Uber aims to develop autonomous electric flying cars by the next decade

by Rachel Burgess, Autocar UK 02 Nov 2016

American ride-sharing service, Uber Technologies is planning to develop an electric flying car in the next decade, which would provide a taxi service in the sky, alleviating traffic, reducing emissions and cutting commute times.

Called a Vertical Take-off and Landing (VTOL) aircraft, Jeff Holden, chief product officer at Uber posted a white paper on the firm’s website talking about the flying car, an abbreviation of Vertical Take-off and Landing.

Uber described the plans as enabling “rapid reliable transport between suburbs and cities, and ultimately, within cities”. Daily long-distance commutes in heavily congested urban areas not served by existing infrastructure would likely to be the first to use the aircraft.

It said more than a dozen companies are working on the project, with “many different design approaches”.

Twice as safe as a car

The electric aircraft, which would be quieter, cheaper and less polluting than its nearest equivalent – the helicopter – would ultimately use autonomous technology making it much safer by “significantly reducing operator error”.

Uber envisages VTOL flying cars can be twice as safe as driving a car through both autonomy and distributed electric propulsion (DEP). The use of DEP allows for fixed-wing VTOLs, which wouldn't need large helicopter rotors and provide lift with greater efficiency than rotors.

However, Uber commented: “No vehicle manufacturer to date has yet demonstrated a commercially viable aircraft featuring DEP, so there is real risk here.”

Cheaper than running a car

Uber believes that in the long term, VTOL flying cars will be more affordable than running a car. Acknowledging that today’s aircraft and helicopters cost about 20 times more than a car, due to low-volume manufacturing, it said: “If VTOLs can serve the on-demand urban transit case well — quiet, fast, clean, efficient, and safe — there is a path to high production volume manufacturing (at least thousands of a specific model type built per year) which will enable VTOLs to achieve a dramatically lower per-vehicle cost. The economics of manufacturing VTOLs will become more akin to automobiles than aircraft.”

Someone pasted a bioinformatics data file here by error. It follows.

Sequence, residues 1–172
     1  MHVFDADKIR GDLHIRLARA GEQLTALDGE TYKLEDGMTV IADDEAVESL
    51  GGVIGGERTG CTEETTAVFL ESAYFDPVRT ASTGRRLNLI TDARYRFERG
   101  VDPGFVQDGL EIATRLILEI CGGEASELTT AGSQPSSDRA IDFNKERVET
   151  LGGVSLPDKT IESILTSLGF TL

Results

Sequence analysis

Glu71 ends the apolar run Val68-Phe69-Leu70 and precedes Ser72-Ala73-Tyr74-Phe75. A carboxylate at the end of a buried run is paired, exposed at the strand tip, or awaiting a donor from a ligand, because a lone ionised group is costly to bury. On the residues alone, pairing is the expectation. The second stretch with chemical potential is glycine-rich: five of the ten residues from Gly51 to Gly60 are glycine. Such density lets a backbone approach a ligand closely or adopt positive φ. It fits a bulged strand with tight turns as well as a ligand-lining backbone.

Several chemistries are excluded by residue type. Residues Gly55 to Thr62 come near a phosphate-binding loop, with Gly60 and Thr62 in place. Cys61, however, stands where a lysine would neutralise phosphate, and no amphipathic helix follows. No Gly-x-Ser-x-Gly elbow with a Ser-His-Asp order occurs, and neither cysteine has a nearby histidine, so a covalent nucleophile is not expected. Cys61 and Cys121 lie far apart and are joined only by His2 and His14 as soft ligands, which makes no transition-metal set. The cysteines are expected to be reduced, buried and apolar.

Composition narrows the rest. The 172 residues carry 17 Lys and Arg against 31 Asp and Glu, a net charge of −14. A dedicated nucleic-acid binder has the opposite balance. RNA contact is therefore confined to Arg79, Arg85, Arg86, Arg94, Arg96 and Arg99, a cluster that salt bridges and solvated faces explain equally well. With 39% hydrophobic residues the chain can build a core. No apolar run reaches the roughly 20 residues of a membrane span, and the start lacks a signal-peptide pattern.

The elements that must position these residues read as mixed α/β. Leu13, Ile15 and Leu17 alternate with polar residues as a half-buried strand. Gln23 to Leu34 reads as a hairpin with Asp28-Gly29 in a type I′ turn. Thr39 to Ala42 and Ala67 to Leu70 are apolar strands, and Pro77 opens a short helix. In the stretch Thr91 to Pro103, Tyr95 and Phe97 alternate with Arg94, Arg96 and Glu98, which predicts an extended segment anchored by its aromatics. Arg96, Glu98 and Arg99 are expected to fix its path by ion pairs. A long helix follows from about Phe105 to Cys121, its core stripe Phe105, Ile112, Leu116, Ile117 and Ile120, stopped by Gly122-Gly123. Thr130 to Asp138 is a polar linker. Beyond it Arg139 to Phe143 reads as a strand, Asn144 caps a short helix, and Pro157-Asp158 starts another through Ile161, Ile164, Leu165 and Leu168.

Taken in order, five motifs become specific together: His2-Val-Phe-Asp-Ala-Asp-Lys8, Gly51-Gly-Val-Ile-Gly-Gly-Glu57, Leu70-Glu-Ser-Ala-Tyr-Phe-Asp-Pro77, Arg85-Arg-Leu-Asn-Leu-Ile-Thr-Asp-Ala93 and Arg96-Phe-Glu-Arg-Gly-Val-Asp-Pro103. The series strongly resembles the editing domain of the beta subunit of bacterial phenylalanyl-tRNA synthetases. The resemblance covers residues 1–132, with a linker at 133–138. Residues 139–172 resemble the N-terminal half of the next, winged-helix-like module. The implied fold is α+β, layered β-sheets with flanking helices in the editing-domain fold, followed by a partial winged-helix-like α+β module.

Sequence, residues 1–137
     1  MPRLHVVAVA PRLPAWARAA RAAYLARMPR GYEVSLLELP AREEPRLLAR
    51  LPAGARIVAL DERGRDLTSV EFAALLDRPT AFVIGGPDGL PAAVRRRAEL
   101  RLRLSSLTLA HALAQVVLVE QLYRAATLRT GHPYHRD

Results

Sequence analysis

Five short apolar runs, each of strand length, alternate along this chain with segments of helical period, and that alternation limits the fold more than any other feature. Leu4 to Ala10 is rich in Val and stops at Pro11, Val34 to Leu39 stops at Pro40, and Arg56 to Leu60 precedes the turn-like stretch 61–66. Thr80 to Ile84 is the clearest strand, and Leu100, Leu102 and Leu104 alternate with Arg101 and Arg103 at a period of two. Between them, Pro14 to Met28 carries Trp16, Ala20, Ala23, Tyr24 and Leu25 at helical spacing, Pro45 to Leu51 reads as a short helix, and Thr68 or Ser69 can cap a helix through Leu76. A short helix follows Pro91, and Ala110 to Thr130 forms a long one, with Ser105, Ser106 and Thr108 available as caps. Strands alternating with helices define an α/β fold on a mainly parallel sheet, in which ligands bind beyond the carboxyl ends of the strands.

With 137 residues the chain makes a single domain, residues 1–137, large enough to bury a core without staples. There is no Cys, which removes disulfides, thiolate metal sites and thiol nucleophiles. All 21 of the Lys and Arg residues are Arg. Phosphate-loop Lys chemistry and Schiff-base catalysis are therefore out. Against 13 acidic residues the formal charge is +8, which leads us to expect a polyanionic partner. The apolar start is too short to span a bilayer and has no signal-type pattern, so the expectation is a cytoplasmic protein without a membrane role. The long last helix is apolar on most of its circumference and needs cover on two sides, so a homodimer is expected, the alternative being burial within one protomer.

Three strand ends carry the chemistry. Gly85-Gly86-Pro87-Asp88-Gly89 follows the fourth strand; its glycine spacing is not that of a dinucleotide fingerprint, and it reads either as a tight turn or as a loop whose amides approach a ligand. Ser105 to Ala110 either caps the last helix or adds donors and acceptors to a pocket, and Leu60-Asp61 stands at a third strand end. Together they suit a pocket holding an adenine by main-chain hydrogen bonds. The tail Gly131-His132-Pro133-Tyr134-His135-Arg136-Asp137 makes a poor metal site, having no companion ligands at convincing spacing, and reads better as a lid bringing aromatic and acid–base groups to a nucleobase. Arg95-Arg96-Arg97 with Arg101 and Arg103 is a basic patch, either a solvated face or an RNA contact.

It added that early VTOL vehicles are likely to be very expensive, but because the ridesharing model quickly reduces vehicle cost, “the high cost should not end up being prohibitive to getting started”.

“Once the ridesharing service commences, a positive feedback loop should ensure that ultimately reduces costs and thus prices for all users, i.e. as the total number of users increases, the utilisation of the aircraft increases,” the company said.

Uber also identified a number of challenges which must be addressed to make VTOL vehicles viable. These included the certification process for new aircraft concepts, battery technology for electric transport and air traffic control.

The greatest operational barrier for deploying a VTOL fleet is a lack of sufficient locations for landing pads, said Uber.

The company described the vision as “ambitious” but believes “it is achievable in the coming decade if all the key actors in the VTOL ecosystem — regulators, vehicle designers, communities, cities, and network operators — collaborate effectively".

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